Ten years. It's a long time.
Very interesting infographic - no wait, come back

Me and my Dext and a muse about Android

Hello. I am going to write about a mobile phone. Hopefully for the first time, and probably for the last for a while.

I am writing in defence of the Dext, which is a phone that inexplicably, Motorola has made exclusively available purely through Orange (disclosure: I work for Orange). So, I'll tell you now, this is biased, but the reason it is is because I'm rather fond of it. It also includes the usual pondering and waffle around the subject. this time waffling about Apple and iPhones, as you'd imagine.

I haven't got an iPhone, although my company now supplies them. One of the reasons is because it's closed, which I don't like at all. I don't enjoy the ubiquity it has in the market place, and the jealousy I feel when my friends rave about the latest game etc is somewhat tempered by the knowledge that I don't really have the time to enjoy the games anyway - I usually commute by bike, and I don't go out much, so location based games are pointless, as are flight games or wh'ever. Yawn. So there are practical reasons but mostly it's just the closedness/ubiquity thing. Here's my 10p. I think Apple has made a mistake, and it reminds me of their old 'keeping hold of the production of the computers AND the OS' market positioning, which led them to be a perfectly happy company, but not a BIG MOTHER of a company in the way that Microsoft did. Was that what they wanted? Anyway. They left things gently soft around the edges for iPods, which has meant that you can drag MP3's from other sources and you can drag them from your iTunes library to play on other things - it's not ideal, but it's less restrictive. With the iPhone, they revolutionised the market, again, and have built a Wall round the hardware and the software again. It just seems a bit daft to make the same mistake twice. Surely, surely they will have to open up? I mean they must see that, right?

In the meantime, the entirety of the rest of the phone market with the exception of Nokia (oh dear) are signing up to Android like nobody's business, and applying it to phones left right and centre. Super phat phones and later on this year, I would guess it'll start drifting on to every level of phone going. Why not? It's basically free. Talk about driving down your costs of production - there are app makers a-go-go out there. You can keep bare bones of developers internally, and RFP for every app you need to build for your customers. Which means that the next phone my Mother may be getting for free in some deal or other may be an Android phone. Which almost makes my head explode. Before Christmas, the UK was full of Apple, Nokia, HTC and Sony Eric ads all extolling the virtues of their Apps ("Appy Christmas" said Nokia about Ovi). I was left wondering, as I watched Londoners trudging down the road past the bus stops where these ads were shiny and waiting, what does that mean to these people? Fuck all! What the hell is an app? With the exception of iphone customers, barely anyone would actually know what an app is. One of my favourite places to phone watch is on the top of the bus from Streatham to Brixton. Sometimes every single person gets out their phone and starts twiddling with one thing or another. Very few of those phones are app phones. For the most part people are listening to music without headphones (argh), or sms'ing or even - perish the thought, just phoning their friends. The tube, meanwhile, offers a different view. Those with high end phones proudly have them on display, playing games and twiddling, reading and so forth, because of course there is no signal on the tube. How many phones? Two or three per carriage.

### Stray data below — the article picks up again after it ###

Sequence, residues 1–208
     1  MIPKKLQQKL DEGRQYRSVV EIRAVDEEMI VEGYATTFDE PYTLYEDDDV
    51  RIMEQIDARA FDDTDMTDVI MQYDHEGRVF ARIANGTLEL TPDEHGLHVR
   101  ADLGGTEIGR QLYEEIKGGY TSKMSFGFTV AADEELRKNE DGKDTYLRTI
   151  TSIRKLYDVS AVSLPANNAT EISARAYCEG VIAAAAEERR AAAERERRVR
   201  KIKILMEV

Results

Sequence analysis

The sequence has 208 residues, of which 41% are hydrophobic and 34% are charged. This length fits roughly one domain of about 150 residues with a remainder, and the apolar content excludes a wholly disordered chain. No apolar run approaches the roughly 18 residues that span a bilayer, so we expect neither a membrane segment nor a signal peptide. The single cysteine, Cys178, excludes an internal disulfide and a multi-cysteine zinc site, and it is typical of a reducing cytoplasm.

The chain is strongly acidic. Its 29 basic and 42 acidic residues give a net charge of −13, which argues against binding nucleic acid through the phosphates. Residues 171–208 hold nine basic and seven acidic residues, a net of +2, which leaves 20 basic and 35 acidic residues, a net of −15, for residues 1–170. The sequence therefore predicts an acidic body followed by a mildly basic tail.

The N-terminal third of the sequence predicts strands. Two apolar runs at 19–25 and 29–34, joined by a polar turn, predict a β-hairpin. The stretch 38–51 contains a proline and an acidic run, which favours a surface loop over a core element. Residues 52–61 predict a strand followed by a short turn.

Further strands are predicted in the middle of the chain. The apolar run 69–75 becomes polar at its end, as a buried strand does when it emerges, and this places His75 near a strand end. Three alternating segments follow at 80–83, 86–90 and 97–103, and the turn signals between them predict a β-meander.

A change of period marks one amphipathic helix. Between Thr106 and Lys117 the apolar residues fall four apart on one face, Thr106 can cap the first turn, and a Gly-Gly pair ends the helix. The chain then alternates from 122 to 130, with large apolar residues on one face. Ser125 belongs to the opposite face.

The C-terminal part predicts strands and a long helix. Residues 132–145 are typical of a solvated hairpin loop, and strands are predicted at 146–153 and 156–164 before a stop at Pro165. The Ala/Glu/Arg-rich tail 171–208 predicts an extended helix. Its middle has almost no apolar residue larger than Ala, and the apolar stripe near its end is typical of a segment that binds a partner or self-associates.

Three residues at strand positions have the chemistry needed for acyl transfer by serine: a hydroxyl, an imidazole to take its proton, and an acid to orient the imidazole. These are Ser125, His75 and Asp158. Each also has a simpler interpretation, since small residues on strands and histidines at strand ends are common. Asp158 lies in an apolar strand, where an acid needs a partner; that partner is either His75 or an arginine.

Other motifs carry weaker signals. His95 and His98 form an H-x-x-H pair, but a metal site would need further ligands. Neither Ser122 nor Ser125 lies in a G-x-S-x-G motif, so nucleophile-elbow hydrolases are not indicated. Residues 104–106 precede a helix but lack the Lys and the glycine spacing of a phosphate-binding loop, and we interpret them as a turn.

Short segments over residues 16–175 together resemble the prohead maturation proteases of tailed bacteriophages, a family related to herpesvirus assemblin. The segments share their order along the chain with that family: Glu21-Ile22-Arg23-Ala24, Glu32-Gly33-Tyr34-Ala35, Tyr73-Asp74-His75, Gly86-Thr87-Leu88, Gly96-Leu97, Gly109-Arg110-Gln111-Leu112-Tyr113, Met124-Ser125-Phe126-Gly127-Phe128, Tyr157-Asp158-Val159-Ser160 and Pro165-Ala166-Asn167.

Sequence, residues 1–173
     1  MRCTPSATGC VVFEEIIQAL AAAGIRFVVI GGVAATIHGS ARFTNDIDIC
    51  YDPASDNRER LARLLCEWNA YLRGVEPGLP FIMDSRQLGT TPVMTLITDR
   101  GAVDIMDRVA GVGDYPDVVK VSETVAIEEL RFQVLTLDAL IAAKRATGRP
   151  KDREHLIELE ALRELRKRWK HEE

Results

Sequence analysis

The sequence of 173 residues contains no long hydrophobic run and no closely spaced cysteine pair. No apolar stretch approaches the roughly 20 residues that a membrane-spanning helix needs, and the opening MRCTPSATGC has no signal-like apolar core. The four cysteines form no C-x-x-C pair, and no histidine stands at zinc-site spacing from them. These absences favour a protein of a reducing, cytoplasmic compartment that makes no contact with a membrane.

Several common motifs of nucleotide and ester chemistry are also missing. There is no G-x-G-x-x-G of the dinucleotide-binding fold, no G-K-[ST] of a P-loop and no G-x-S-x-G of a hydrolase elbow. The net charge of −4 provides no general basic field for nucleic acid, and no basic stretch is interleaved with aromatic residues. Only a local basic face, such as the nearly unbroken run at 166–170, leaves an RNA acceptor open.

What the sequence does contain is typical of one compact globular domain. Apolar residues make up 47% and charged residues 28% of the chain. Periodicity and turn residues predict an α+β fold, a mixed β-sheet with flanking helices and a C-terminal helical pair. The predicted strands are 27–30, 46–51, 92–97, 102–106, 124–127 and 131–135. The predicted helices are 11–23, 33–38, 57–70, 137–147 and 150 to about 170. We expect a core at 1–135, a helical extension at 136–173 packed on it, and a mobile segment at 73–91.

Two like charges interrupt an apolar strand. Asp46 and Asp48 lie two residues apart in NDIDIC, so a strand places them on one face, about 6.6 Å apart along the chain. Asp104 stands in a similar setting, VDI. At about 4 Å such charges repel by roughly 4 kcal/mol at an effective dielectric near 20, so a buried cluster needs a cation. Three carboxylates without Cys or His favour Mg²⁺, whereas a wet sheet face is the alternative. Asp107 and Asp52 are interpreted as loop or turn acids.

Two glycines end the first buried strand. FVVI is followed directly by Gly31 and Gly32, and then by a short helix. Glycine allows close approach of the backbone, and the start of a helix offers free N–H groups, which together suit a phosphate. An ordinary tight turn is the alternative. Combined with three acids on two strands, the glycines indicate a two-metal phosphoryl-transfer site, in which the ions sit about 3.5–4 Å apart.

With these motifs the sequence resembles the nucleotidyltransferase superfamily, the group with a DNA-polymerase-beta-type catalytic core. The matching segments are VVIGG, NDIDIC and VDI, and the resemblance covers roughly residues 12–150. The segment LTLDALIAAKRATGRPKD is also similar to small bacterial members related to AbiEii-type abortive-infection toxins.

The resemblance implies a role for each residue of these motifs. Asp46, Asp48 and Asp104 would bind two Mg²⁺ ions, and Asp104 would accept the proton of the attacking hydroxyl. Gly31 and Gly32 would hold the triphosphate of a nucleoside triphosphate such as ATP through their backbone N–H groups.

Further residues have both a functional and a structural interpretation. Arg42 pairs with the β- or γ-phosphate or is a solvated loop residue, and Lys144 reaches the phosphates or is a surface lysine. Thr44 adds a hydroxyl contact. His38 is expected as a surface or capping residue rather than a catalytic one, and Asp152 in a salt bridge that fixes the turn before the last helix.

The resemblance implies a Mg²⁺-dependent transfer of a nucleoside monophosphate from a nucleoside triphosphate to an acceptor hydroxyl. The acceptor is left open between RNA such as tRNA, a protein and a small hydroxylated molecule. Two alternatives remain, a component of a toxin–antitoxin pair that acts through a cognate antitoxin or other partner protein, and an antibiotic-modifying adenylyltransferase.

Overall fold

So a big change will waft its way across the land in the next couple of years, as more and more customers of every network going get their hands on Android phones. And a few more than have done maybe get iPhones. But Google's software packages for Android are going to be *everywhere*, and again, Apple will have helped them to their increased ubiquity. forget the phone manufacturer. That stuff will be the 'delight' factor that helps everyone to get to the OS. and yes, Apple has a very high 'delight' quotient, but then, increasingly, so will other manufacturers. And cheaper.